EPA releases list of approved disinfectants to kill coronavirus, and why homemade sanitizer won’t work
The list includes multiple products from brands such as Clorox and Lysol.
Public health officials have said that while the overall risk of exposure to the novel coronavirus is still low for most of the American public, one of the proactive steps everyone can take to prevent any respiratory illness this time of year is to clean and sanitize your environment often.
The Environmental Protection Agency released a list of disinfectant products approved for use against COVID-19 on surfaces, including multiple products from brand such as Clorox and Lysol. Some of the specific products include Clorox toilet cleaner with bleach, Clorox disinfecting spray, Lysol disinfectant max cover mist, Lysol toilet bowl cleaners, and Lysol multi-surface cleaner and disinfectant spray.
An EPA spokesperson said the companies had to demonstrate their products are effective against viruses that are even "harder-to-kill" than the novel coronavirus. They also noted that any products without an EPA registration number haven't been reviewed by the agency.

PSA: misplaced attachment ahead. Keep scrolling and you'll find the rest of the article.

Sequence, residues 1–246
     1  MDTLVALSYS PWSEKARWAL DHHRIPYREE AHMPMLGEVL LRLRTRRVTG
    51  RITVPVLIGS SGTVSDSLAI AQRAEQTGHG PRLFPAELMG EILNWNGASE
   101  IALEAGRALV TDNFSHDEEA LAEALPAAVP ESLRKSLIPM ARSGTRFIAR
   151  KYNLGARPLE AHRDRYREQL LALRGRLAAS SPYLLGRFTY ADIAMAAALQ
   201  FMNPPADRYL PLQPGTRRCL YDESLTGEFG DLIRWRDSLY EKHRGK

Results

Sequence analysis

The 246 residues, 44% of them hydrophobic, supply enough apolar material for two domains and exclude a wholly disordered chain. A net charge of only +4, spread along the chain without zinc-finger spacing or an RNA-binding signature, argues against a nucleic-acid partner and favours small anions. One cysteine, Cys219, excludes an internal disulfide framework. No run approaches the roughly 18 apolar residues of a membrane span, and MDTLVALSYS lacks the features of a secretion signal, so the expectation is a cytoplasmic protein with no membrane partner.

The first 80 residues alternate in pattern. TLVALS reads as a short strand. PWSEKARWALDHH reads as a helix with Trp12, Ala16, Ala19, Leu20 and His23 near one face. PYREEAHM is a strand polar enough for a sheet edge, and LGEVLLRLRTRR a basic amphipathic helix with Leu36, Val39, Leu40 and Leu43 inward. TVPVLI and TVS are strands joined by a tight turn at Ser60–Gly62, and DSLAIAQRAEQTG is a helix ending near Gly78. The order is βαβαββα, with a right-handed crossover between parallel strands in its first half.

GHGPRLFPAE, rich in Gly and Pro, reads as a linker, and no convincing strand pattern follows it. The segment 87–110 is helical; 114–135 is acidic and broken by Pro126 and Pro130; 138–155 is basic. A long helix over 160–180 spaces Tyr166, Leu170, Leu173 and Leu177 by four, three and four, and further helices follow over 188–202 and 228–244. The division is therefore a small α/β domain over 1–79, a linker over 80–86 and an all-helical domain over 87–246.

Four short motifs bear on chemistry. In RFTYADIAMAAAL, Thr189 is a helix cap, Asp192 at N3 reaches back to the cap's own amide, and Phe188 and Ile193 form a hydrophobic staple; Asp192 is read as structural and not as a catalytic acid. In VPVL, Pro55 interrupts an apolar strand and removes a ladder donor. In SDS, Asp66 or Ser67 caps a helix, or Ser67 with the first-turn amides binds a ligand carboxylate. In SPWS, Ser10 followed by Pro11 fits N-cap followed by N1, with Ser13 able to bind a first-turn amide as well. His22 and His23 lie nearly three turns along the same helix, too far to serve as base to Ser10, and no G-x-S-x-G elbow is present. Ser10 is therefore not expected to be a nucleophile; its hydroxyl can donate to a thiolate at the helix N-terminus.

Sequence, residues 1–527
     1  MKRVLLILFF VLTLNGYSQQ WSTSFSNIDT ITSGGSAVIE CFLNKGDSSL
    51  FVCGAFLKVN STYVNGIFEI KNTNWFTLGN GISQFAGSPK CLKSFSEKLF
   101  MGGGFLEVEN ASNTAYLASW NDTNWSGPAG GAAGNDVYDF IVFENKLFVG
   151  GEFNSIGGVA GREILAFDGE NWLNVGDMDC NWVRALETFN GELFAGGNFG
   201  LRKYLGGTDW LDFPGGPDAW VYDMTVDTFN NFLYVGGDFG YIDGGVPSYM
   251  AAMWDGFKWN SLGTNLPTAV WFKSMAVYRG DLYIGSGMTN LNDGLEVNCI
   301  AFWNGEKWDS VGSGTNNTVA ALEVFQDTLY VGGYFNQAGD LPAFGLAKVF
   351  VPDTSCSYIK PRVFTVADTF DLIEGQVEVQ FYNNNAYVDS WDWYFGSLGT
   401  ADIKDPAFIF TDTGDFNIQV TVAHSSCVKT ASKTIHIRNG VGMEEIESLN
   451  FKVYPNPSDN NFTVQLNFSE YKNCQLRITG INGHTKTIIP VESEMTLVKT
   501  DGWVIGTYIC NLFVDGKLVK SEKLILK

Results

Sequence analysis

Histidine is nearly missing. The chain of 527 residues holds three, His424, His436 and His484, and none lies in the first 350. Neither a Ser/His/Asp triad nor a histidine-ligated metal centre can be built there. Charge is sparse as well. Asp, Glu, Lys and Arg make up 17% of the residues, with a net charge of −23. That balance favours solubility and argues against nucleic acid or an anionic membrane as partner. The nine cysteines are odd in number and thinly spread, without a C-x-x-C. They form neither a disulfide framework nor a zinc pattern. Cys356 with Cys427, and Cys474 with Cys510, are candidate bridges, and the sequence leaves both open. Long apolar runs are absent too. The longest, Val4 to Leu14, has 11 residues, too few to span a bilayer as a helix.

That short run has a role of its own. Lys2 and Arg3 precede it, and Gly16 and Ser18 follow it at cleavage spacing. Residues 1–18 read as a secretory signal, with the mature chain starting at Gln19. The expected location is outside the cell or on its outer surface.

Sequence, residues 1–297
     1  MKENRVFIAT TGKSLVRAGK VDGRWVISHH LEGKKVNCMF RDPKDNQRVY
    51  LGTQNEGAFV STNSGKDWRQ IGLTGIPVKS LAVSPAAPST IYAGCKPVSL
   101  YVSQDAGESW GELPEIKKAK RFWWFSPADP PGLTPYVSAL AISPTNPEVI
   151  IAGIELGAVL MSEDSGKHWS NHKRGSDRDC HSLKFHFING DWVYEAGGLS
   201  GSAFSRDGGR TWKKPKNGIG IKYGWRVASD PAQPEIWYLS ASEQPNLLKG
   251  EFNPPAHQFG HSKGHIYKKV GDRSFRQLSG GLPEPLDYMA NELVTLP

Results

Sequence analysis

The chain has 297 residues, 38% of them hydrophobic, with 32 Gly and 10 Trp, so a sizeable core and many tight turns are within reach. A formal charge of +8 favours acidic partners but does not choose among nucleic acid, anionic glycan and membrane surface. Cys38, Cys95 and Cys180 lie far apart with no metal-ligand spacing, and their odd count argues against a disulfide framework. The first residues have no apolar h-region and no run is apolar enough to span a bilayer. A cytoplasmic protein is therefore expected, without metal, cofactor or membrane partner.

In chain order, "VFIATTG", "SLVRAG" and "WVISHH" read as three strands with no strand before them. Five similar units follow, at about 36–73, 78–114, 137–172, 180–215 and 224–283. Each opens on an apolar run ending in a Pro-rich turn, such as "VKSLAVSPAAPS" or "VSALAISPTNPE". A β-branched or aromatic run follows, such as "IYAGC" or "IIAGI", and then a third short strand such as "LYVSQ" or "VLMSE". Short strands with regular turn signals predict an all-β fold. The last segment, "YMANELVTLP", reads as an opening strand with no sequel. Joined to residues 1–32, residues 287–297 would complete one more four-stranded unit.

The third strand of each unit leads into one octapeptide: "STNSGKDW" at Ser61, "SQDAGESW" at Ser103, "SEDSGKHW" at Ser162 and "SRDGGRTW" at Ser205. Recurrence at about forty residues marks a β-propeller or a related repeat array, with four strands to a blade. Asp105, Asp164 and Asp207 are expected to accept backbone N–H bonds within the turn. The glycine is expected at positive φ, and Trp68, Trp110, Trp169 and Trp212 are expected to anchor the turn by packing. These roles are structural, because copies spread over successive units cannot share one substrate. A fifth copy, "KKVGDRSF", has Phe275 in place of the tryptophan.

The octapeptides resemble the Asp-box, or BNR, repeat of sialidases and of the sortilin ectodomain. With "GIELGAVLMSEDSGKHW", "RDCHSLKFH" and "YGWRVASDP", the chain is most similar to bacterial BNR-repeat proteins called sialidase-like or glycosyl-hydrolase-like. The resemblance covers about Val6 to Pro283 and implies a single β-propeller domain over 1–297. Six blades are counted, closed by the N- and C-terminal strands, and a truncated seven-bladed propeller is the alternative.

EPA does not review other household products, such as vinegar, or whether they're effective against viruses and bacteria, the spokesperson said.
The agency also recommends that consumers pay attention to the directions for use on product labels, specifically how long a disinfectant needs to stay on the surface to be effective.
Another way to keep your home clean after wiping down frequently touched surfaces is to wash your hands frequently to prevent introducing new microbes.
The Centers for Disease Control and Prevention said the best option to keep your hands free of germs that could spread to surfaces or your face is by washing with soap and water for 20 seconds.
Hand sanitizer with at least 60% alcohol can also reduce the number of germs on your hands to a lesser extent, but CDC said products that are alcohol-free or have a lower percentage of alcohol are not as effective.